12. We recommend some changes to prayer and mobilization publications associated with various UPGs. We especially want to exercise wisdom in mobilizing prayer for the many thousands of new believers in low-profile house church movements. We believe the time has passed for publishing specifics about UPGs, especially those under 100,000 in population. Whereas 20 years ago, mobilizing anyone to do anything for UPGs was the priority, the highest priorities today are: a) for the new believers in movements to reach more of their friends and neighbors through prayer and love, and b) for those movements to catalyze new movements in near-neighbor unreached groups.
  13. In light of these things, we are rewriting some prayer guides, giving more emphasis to how to pray and what Scriptures to pray, and less specific information on peoples and numbers of believers. This quieter mode of involvement is unpopular with some, but we need to prioritize the salvation of real people, discipling them into maturity, with prayerful advance of God’s kingdom. This higher goal means adjusting some mobilization efforts to put less spotlight on sensitive locations and groups. In some cases it might mean less funding or shifting funding to more strategic and less flashy projects and ministries. We follow in the spirit of John the Baptist: “He must increase: I must decrease.” Our goal is not to feel good about ourselves and our activities, but to do whatever will really tend toward major advance of God’s kingdom.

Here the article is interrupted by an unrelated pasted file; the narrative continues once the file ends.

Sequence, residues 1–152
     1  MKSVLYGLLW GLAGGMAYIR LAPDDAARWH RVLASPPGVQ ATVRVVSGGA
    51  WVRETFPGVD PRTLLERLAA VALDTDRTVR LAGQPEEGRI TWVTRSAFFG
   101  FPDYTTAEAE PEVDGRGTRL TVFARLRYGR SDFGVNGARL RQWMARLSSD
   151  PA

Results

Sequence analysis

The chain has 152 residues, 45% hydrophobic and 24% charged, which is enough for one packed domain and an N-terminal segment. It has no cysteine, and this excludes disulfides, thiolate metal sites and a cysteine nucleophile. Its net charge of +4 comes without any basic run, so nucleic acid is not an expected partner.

Teaching people how to pray, and especially key Scriptures to pray over the lost and over the witnesses among them is so valuable! Our not knowing specific details does not hinder God from hearing and working through our prayers. Surely non-detailed prayers like those of the psalmist and Paul can accomplish great things before the throne of grace. We need to grow in maturity to not let a shortage of information sap our enthusiasm and dedication to prayer for the unreached. Let’s keep up and even accelerate the good work of praying to the Lord of the Harvest… but share specific information very selectively.

Chuck Baker has trained church planters and missionary candidates for over 35 years in Asia and California. He has edited prayer guides and led many concerts of prayer for Unreached People Groups. This article developed out of recent correspondence with a team who has adopted an Unreached People Group in a sensitive region where new believers have been martyred. 

This is from an article that appeared in the January-February 2021 issue of Mission Frontiers,, pages 33-36.